Ethiopia is another African country that ranks high on the list of countries with strict Internet censorship. There is little evidence of media censorship, but it also exists. Although things have changed in recent years, and the improvement of Internet access quality throughout the country has been slowly progressing, the country's government still controls this industry, which is probably why less than 16% of the population has access to the Internet. Mainly through Internet cafes and primarily in the country's capital, Addis Ababa.
Nine years ago, a simple 30-second Skype call could lead to a 15-year prison sentence in Ethiopia. Anyone in the country who uses illegal telephone communications faces up to 15 years in prison and heavy fines. A phone call over the Internet is punishable by 3 to 8 years' imprisonment plus a fine.
A system was installed to block access to the Tor network, which users browse anonymously and use to access blocked websites. Ethiopian authorities say drastic measures under the new law are necessary to protect the country against security threats. However, the law aims to restrict freedom of expression and access to information among the country's 85 million inhabitants.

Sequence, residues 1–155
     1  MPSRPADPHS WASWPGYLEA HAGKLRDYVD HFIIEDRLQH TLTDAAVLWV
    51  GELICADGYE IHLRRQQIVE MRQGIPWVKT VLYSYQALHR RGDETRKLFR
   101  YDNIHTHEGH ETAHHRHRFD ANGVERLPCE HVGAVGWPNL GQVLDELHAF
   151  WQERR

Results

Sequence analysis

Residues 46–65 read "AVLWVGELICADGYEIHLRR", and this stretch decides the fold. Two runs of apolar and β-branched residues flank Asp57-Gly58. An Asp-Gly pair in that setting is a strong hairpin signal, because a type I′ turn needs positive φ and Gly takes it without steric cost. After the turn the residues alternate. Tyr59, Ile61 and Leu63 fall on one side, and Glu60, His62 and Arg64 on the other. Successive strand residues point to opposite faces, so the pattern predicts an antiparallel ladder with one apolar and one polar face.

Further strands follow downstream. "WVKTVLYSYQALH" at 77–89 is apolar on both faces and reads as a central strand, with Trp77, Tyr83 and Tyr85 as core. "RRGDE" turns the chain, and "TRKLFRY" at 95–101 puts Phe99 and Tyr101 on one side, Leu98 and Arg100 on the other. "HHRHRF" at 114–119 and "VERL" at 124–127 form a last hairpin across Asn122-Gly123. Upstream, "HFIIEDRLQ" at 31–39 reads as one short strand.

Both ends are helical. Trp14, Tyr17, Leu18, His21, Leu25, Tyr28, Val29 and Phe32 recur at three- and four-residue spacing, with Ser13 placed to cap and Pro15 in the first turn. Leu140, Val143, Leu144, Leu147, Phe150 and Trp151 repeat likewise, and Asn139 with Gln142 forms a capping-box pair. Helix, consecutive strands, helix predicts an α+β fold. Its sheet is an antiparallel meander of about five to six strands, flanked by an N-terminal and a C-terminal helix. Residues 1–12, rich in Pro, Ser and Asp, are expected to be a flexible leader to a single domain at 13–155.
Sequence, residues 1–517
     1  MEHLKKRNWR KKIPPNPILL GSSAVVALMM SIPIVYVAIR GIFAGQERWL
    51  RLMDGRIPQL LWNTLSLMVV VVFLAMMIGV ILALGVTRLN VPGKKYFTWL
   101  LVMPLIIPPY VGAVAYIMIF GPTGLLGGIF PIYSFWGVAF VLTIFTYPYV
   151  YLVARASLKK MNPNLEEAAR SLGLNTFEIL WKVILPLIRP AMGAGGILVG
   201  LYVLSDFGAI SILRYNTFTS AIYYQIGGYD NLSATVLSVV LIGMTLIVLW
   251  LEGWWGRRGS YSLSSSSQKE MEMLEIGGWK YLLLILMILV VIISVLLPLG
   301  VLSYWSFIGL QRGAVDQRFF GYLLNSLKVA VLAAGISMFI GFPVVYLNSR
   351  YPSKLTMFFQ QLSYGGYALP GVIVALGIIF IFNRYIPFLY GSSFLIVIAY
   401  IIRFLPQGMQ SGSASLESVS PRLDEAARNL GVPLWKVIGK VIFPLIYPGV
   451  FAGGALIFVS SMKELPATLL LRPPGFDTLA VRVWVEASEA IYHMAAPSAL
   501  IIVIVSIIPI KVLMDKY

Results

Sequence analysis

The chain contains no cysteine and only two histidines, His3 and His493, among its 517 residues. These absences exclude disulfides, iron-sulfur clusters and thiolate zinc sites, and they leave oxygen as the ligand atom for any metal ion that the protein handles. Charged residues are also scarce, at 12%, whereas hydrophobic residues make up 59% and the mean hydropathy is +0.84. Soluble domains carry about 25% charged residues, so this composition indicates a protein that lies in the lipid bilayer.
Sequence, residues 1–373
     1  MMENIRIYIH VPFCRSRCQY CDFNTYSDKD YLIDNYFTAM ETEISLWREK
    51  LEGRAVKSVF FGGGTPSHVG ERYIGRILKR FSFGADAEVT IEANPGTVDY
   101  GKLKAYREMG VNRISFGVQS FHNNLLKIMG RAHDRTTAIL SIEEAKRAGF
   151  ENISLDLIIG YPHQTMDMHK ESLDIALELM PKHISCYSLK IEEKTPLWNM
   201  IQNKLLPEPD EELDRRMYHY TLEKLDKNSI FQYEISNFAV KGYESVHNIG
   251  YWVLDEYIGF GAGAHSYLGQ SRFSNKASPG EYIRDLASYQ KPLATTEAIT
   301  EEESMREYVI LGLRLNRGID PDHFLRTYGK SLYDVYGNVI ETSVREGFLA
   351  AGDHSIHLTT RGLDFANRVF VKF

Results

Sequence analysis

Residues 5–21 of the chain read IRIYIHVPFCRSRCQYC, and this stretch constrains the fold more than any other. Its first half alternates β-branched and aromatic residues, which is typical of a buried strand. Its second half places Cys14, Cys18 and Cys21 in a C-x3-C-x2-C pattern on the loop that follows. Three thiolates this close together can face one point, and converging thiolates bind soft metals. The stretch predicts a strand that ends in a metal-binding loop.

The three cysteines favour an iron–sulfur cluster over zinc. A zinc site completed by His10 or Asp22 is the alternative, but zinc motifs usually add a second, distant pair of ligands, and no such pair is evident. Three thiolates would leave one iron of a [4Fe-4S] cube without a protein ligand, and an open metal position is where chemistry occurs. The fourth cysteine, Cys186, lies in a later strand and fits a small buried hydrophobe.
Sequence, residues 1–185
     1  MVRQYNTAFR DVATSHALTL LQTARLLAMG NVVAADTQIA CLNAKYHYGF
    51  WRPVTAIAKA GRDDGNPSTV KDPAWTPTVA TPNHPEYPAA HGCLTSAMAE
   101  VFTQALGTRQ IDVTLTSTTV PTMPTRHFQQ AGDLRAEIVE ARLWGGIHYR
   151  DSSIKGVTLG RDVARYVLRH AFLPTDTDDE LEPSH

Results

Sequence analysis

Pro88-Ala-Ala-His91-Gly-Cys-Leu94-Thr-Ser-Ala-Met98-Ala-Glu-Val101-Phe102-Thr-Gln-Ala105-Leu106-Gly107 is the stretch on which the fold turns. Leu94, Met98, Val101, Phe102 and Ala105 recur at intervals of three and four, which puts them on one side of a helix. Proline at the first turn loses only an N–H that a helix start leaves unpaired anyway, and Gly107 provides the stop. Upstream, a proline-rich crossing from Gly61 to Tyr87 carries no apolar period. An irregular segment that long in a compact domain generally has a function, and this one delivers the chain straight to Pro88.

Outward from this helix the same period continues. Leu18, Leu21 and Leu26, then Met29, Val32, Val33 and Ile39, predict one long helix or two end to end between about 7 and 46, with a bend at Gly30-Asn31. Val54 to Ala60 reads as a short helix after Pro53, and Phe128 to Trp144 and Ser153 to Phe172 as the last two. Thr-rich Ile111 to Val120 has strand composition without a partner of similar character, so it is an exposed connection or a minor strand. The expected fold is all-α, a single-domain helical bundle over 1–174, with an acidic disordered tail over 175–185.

Three years ago, the situation improved slightly, with positive reforms sweeping through Ethiopia. Freedom of speech has received a bit of "freedom," which is a very significant step for Ethiopia. Over the past decade, the Ethiopian government has violently blocked news sites, blogs, television stations, radio stations, and arrested dissidents. Three years ago, Ethiopia dropped charges against many bloggers, journalists, and opposition groups, released thousands of prisoners, and recently unblocked over 250 websites.
All media have been unblocked except for the HTTP version of oromiamedia.org. Most social media sites are accessible via Wi-Fi and mobile data, apart from Instagram. Instagram is available over Wi-Fi, but blocked for mobile communications.
However, 264 websites are still banned. By unblocking them, the Ethiopian government could end ten years of online terror.
The government needs to understand that the Internet and social media platforms do not equal the cause and incitement of violence. Most conflicts in Ethiopia take place on the ground. Yes, there are people who call for violence on the Internet, but there are also people who preach peace, report violence, repression, and other important things.